Monday, April 25, 2011

India would have been a better place without Sathya Sai Baba

When Sathya Sai Baba died this morning (24 April 2011) at the age of 85 years, he proved once again that miracles and predictions fail. He had predicted at a public gathering at his head quarters in Puttaparthy, in 2000, and repeatedly many times, that he would die at the age of 96 only. And till the last moment, many of his devotees clung to his word and waited for a miracle. May it be an eye opener for the millions of gullible people whom he misguided and deluded.

De mortuis nihil nisi bene, they say, say nothing but good of the dead. But I think Sathya Sai Baba’s case qualifies for an exception. Too great is the damage that he did to India. His devastating influence on reason and scientific temper caused huge setback to the country. At a time, when scientific progress led to great social and economic leaps and scientific awakening started spreading all over India, Sathya Sai Baba launched a “counter revolution” of superstition, supported by irresponsible politicians and other public figures who should have known better. In my judgment, this is his greatest crime. I have succeeded again and again to expose him publicly as a fraud, so did some other rationalists. But due to his political protectors he was never held responsible for his crimes against public reason. Nor was he ever booked for any other crime he was accused of. Numerous cases of alleged sexual abuse and murder are yet to be investigated, not to mention the financial secrets of his empire.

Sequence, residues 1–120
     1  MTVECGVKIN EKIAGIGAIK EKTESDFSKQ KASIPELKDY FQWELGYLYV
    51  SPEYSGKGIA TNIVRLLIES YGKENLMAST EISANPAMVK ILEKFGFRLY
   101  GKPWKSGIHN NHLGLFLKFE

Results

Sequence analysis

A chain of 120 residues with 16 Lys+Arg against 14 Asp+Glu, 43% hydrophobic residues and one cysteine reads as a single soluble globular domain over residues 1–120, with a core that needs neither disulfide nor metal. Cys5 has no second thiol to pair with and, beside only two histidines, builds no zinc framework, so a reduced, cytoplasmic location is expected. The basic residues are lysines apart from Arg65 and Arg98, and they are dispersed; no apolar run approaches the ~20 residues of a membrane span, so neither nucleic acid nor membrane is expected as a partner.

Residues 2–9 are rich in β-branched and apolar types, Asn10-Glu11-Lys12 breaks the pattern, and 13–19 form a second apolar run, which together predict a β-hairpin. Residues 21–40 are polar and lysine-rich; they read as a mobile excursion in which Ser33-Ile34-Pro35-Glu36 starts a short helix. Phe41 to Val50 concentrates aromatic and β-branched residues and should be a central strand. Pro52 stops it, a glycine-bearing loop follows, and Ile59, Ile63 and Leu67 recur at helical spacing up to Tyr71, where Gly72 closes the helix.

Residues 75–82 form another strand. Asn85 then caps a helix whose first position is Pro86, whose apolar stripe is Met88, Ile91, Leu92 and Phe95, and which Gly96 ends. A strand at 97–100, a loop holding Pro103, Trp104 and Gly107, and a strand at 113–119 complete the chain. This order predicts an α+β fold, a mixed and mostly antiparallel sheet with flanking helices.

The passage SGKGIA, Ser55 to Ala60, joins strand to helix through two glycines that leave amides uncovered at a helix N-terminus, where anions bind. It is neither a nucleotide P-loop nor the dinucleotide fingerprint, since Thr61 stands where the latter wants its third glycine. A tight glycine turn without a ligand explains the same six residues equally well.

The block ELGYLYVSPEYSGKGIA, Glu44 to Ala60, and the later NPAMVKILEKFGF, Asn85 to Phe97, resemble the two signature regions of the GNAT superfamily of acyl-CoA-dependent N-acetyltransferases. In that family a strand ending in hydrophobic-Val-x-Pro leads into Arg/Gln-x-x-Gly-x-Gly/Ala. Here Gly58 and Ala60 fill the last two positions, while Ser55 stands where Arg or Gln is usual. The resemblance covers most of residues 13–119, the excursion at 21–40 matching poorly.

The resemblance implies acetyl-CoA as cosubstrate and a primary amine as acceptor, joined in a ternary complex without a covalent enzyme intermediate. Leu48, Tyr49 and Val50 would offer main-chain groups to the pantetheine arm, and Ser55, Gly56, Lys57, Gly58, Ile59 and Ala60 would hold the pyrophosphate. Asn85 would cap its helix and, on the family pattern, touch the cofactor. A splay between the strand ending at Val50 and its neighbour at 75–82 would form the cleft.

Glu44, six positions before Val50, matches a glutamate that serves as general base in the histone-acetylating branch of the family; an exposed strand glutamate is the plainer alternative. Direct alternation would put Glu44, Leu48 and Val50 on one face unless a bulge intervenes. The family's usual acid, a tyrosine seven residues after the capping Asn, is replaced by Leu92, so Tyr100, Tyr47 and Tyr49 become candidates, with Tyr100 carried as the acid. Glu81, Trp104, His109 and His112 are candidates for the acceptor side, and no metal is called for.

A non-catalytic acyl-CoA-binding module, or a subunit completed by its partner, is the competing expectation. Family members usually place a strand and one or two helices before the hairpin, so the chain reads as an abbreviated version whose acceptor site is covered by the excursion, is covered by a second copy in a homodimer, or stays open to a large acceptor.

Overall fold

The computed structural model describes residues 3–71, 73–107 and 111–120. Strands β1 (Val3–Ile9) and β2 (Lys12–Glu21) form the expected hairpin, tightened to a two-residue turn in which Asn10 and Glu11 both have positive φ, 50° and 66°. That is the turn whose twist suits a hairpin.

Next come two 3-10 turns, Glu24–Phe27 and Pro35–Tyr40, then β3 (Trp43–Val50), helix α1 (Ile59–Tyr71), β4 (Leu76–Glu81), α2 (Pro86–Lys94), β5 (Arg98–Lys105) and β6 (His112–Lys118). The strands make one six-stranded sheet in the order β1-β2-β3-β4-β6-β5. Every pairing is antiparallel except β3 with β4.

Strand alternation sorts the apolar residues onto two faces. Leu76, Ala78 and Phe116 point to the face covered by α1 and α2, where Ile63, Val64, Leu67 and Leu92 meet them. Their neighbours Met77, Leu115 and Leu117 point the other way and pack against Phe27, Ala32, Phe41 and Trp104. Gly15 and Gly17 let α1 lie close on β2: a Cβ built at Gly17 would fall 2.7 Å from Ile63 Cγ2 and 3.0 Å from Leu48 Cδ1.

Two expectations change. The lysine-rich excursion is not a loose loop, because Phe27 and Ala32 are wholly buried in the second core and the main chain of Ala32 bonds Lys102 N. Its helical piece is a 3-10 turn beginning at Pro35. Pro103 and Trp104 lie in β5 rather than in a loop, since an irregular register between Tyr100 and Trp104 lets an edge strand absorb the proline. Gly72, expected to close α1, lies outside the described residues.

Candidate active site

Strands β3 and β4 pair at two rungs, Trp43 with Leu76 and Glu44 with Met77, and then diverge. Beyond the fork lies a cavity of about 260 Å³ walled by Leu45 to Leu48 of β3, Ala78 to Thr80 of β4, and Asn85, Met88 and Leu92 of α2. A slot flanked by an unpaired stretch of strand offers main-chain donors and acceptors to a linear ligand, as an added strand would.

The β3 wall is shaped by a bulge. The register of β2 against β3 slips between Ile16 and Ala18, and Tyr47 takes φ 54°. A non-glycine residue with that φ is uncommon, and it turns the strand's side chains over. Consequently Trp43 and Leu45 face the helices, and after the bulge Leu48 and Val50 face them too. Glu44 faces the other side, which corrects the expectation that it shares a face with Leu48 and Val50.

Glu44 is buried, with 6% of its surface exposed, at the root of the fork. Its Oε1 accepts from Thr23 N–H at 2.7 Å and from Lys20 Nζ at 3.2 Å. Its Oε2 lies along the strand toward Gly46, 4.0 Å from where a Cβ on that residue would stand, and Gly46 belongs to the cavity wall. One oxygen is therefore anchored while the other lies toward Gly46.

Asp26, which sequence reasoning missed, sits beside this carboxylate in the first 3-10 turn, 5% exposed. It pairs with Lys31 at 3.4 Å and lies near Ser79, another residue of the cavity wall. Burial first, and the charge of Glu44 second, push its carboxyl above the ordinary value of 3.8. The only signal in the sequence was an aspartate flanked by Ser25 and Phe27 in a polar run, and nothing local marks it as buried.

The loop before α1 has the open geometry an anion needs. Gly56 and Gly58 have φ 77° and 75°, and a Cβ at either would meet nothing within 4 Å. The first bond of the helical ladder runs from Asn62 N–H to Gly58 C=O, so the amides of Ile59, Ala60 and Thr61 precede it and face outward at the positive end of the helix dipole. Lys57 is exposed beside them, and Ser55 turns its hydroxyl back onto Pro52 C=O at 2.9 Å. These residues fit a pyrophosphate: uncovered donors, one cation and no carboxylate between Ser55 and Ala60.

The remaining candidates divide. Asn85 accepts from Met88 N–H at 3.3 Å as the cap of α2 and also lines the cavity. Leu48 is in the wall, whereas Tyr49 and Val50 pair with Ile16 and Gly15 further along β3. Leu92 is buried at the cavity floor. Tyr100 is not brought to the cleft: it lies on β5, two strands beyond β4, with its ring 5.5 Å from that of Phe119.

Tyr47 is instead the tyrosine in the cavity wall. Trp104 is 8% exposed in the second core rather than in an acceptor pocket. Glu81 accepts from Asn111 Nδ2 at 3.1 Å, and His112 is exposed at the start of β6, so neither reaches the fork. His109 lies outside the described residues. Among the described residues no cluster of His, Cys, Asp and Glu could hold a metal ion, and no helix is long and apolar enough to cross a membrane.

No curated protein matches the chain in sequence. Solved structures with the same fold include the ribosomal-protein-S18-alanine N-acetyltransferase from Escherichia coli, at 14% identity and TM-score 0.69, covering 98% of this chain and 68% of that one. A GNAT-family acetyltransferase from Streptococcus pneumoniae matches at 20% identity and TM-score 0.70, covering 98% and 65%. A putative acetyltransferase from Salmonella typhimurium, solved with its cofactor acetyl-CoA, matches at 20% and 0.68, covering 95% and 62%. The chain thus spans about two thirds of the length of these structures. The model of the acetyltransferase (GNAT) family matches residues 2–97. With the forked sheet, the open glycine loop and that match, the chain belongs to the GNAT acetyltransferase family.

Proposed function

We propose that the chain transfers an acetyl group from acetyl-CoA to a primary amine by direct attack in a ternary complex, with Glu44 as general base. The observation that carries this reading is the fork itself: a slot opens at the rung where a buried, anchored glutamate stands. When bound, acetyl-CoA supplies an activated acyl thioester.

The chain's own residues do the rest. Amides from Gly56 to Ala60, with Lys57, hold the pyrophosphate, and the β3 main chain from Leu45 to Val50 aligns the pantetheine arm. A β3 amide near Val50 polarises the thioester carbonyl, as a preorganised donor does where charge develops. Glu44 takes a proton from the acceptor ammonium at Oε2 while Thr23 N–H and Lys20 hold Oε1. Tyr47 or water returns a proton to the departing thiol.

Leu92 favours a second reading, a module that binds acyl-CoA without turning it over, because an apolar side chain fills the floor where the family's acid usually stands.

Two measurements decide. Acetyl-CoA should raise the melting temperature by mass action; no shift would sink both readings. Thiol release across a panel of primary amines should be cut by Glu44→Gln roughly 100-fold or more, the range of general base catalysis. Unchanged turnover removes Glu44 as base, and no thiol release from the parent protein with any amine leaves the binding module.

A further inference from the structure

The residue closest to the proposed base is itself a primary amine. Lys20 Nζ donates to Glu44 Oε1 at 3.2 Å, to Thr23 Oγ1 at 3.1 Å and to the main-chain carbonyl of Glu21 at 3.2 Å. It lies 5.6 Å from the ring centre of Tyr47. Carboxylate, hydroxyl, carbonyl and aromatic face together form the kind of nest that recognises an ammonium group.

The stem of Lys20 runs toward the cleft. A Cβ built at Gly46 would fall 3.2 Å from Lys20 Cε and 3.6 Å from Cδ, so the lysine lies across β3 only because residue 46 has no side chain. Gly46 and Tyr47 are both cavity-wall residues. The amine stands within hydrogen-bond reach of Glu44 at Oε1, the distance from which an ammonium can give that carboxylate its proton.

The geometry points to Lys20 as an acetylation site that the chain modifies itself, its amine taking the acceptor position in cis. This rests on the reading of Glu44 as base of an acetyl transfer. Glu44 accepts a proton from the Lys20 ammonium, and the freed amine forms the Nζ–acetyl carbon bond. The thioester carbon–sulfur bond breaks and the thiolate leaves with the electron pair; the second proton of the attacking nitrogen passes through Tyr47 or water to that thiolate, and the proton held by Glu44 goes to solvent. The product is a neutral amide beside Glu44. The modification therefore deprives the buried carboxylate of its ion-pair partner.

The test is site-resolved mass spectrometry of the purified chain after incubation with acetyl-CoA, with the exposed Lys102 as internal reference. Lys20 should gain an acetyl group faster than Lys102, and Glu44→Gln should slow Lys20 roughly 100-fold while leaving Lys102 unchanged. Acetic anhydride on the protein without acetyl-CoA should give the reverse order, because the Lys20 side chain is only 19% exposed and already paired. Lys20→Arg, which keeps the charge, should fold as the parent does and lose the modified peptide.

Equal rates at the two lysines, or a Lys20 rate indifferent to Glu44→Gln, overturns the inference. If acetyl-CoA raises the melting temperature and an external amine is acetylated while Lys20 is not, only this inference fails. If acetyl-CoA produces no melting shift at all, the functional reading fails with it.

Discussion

Sathya Sai Baba insisted in all seriousness that he was god, the creator of the universe, and “proved” his divinity with a couple of small “miracles”. As son of a village tantric he was familiar with the hand sleights and tricks of the trade. However, he did not only fascinate poor and uneducated villagers with his fraudulent performances. Over the years, he managed to attract a galaxy of India’s rich and powerful, among them ministers, prime ministers, presidents, chief justices, top industrialists and superstars.

Sathya Sai Baba had a special modus operandi that was the key for his astonishing success and the root of his enormous clout. Many of his high society devotees came to serve their own vested interests. Some came to rub shoulders with the prominent. Many joined the club because it was working as a powerful syndicate spreading its tentacles all over the political system. It was a way to the top jobs and a way to get things done. Others were seeking financial support or wanted to get rid of ill-gotten black money: The empire, it is alleged, was based on money laundering, using foreign devotees and branches. In fact, the huge foreign donations to Sai Baba stood in contrast to the comparatively modest number of active foreign devotees and the sometimes quite weak foreign branches, some of them residing in private homes. That is no great surprise, when one considers that Sai Baba did not speak any other language than Telugu and traveled only once in his whole life abroad – to visit his friend Idi Amin in Uganda.